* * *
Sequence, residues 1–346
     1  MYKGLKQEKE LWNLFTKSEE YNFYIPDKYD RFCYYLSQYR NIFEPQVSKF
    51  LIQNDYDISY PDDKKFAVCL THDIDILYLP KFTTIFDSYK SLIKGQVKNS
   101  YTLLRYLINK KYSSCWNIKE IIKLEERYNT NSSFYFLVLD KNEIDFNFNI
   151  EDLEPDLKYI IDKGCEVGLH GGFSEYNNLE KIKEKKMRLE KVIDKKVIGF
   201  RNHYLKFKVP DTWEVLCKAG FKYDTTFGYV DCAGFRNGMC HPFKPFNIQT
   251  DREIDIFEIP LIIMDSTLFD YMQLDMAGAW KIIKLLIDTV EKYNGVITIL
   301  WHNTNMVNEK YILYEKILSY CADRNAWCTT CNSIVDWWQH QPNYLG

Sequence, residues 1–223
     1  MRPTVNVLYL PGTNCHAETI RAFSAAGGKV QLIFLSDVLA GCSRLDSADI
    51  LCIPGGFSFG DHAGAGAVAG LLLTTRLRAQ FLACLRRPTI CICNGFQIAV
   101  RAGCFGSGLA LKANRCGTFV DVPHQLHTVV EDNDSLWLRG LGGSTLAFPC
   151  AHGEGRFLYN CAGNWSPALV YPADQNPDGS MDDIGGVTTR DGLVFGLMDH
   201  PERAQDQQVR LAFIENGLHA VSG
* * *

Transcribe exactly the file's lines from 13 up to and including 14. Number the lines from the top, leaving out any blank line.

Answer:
   151  AHGEGRFLYN CAGNWSPALV YPADQNPDGS MDDIGGVTTR DGLVFGLMDH
   201  PERAQDQQVR LAFIENGLHA VSG